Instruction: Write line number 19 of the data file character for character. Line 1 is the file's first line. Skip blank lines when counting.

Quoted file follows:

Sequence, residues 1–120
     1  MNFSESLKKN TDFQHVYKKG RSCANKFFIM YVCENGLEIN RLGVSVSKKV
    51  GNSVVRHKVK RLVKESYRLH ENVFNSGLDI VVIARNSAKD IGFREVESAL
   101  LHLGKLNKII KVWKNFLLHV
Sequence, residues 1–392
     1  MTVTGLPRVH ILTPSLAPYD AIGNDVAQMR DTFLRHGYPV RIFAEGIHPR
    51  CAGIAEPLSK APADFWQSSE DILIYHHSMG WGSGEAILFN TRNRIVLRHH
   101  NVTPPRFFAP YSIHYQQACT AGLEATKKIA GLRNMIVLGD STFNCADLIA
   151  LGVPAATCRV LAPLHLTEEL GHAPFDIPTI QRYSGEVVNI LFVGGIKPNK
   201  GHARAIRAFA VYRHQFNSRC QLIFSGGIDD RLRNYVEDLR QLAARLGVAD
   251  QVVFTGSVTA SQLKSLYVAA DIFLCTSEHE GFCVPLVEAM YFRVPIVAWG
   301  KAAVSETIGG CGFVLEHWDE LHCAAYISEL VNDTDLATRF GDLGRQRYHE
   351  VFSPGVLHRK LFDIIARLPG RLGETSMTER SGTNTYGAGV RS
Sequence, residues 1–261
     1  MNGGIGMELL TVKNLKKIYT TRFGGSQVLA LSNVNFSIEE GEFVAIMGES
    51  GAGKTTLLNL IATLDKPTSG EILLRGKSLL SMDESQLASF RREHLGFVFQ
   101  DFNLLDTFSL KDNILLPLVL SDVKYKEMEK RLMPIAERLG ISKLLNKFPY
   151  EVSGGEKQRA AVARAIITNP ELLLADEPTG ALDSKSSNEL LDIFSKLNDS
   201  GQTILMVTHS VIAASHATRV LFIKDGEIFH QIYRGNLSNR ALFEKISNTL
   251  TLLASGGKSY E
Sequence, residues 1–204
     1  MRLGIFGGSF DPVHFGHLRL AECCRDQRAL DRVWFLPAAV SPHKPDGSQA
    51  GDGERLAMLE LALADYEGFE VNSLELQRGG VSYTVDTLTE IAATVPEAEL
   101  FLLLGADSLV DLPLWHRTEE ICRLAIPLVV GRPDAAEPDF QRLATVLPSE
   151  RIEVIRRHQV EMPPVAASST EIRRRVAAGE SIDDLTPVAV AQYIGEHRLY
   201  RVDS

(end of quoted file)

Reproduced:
   201  GQTILMVTHS VIAASHATRV LFIKDGEIFH QIYRGNLSNR ALFEKISNTL